South Africa entered a recession as of June 2017, with growth declining by 0.7% in 1Q2017 after a 0.3% decline in 4Q2017. This is the eighth recession that the country has faced since 1961 and the last time the economy was in recession was in FY2008/09. The recession has been driven by three consecutive quarterly losses, averaging -0.4% in manufacturing and an average of -0.5% in trade, catering and accommodation sectors since 3Q2016. Manufacturing production has declined by an average of -2.5% in 1Q2017, compared to 1Q2016 due to contractions in petrochemicals and wood and paper product subsectors. In addition, the trading sector declined due to a quarterly average contraction of -2.5% since 3Q2017. These losses can be attributed to the stronger rand, low global demand and depressed oil prices. In the context of these fundamental economic dynamics, and low confidence caused by political uncertainty, South Africa’s economic recovery from the current recession may be slow or delayed.
The country will no longer enjoy the same access to international capital markets to receive financing for its public sector investment programme, due to these depressed economic conditions and credit downgrades. International investors and capital markets have now focused their attention on the rising SOE liabilities. This prompted the government to recapitalise South African Airways, which has not turned a profit in the last six years. However, it is acknowledged that this bailout will not be sufficient to turn around the loss-making SOE without dealing with gross mismanagement and unfavourable loan agreements which have been guaranteed by government. Thus, political uncertainty has had a rising cost effect on the government and will continue to have a negative impact on growth given the difficult economic environment and increasing cost of borrowing, disrupting government’s attempts to stimulate growth through infrastructure investment.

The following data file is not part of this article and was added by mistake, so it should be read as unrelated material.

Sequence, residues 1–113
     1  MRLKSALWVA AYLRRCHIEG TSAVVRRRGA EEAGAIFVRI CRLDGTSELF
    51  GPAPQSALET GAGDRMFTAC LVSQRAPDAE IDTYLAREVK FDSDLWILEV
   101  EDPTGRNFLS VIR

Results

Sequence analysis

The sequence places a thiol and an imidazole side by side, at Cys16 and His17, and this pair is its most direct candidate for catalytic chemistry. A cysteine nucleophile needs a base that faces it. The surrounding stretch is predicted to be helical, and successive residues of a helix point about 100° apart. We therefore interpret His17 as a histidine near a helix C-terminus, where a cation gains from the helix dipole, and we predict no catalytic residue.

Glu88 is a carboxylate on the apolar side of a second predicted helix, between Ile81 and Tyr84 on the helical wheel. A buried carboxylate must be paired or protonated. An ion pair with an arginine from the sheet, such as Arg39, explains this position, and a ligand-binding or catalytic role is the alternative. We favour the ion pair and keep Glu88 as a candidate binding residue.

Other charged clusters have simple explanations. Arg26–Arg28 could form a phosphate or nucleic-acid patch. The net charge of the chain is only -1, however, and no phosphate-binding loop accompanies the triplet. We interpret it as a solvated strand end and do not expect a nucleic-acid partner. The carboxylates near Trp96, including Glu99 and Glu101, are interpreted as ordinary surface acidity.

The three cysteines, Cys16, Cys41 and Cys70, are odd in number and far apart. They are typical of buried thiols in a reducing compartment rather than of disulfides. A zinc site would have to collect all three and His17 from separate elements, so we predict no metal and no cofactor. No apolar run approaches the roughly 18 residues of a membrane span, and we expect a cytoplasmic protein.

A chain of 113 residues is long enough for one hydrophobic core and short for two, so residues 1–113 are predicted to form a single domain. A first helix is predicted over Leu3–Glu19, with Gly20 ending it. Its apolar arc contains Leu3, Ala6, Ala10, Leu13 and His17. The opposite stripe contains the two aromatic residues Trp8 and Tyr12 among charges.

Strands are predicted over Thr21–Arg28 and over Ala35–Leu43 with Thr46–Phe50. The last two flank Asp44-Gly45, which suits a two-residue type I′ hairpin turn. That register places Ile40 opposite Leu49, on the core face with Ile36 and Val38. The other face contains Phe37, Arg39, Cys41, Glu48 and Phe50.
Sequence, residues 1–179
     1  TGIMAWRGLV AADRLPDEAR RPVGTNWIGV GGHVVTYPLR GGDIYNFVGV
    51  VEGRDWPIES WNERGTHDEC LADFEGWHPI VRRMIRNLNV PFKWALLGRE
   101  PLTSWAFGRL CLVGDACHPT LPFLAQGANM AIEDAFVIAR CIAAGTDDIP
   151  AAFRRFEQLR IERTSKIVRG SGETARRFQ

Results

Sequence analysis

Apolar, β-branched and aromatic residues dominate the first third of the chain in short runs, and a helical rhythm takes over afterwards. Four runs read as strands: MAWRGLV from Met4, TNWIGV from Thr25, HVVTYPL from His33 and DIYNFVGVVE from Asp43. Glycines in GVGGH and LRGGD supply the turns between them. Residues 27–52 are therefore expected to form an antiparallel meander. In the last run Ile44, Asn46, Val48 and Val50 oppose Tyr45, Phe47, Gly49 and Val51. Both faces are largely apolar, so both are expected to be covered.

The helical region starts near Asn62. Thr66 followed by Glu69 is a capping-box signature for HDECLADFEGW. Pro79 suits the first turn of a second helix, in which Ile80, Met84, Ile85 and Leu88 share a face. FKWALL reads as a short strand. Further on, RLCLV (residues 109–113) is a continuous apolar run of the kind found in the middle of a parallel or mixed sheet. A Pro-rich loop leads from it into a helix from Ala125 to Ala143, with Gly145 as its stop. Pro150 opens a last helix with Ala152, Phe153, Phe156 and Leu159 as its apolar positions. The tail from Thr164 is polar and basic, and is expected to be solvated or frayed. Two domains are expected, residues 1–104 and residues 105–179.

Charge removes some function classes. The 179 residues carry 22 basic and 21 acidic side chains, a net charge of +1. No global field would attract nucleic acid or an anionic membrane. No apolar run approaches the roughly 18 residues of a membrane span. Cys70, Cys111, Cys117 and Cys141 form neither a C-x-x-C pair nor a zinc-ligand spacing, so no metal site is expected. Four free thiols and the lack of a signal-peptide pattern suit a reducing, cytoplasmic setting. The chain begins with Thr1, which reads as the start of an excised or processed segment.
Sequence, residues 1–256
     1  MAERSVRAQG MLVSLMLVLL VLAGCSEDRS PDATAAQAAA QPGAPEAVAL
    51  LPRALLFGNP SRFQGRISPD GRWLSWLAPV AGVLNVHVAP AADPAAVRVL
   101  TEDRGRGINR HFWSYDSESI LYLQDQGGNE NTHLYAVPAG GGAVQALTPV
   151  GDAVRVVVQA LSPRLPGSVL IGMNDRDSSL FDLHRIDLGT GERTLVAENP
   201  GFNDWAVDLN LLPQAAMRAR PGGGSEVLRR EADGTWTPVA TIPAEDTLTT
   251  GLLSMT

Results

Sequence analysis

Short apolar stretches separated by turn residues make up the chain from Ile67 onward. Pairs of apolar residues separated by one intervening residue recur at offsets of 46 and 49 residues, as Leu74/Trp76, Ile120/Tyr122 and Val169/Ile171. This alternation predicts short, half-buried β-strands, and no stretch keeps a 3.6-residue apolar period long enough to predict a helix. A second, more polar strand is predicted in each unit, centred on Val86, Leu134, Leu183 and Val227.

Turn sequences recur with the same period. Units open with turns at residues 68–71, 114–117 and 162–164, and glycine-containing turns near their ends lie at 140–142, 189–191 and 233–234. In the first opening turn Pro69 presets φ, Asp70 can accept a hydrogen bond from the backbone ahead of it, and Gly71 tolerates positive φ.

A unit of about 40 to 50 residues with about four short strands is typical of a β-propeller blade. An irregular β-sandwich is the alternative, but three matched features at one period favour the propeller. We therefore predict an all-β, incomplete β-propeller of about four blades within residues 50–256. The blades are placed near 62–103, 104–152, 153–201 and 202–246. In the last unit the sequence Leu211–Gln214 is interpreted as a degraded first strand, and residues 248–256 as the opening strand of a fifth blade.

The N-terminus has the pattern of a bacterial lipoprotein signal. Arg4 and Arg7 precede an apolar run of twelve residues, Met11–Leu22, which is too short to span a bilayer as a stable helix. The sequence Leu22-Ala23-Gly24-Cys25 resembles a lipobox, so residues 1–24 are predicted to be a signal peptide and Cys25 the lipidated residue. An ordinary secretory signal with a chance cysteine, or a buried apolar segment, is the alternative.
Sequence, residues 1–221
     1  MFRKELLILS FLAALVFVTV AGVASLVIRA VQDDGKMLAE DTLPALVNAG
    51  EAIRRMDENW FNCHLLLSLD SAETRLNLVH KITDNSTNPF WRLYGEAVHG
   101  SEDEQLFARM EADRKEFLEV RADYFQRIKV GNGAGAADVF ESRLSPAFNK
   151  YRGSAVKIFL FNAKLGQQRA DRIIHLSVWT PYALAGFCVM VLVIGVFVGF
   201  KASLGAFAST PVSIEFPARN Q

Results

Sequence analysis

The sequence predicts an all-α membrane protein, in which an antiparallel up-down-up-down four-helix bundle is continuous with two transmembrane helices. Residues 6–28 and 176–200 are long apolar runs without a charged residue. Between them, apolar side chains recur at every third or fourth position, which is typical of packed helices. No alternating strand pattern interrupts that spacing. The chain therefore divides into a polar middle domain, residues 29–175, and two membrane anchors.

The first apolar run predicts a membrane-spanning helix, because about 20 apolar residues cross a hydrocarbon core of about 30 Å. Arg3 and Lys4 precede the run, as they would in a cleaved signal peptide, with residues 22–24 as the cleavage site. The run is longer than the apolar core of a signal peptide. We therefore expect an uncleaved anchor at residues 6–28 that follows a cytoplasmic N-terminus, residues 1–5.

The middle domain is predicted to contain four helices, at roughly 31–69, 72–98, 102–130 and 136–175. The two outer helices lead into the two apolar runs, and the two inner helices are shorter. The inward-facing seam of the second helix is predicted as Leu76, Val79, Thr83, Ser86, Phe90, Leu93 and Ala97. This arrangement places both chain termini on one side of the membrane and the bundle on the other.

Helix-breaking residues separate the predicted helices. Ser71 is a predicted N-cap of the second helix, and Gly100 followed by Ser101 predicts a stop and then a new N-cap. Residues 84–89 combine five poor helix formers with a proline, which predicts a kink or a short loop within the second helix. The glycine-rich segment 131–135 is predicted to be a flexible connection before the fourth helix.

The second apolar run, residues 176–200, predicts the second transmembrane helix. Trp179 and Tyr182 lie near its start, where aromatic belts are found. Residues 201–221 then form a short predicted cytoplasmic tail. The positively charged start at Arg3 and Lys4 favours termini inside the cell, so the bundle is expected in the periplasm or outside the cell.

This has prompted the South African National Treasury to implement a 14 Point Action Plan to regain market confidence. But the deterioration of public financial management is likely to lead to investor fatigue. In addition, the annual growth recovery plans create policy uncertainty and lack of accountability, since leaders are rarely required to evaluate progress on previous plans such as the 9 Point Plan of 2015, which overshadowed the NDP. These multiple short-term actions plans are reactive, and their implementation is rarely evaluated, which will deteriorate public and investor confidence in government’s commitment and further implementation. Given the central role played by South Africa in SADC and Southern African Customs Union (SACU), the negative economic impacts of political uncertainty will have a regional effect. This is apart from the domestic political uncertainties in SADC member states, which is affecting economies like Malawi, Mozambique, Zambia and Zimbabwe.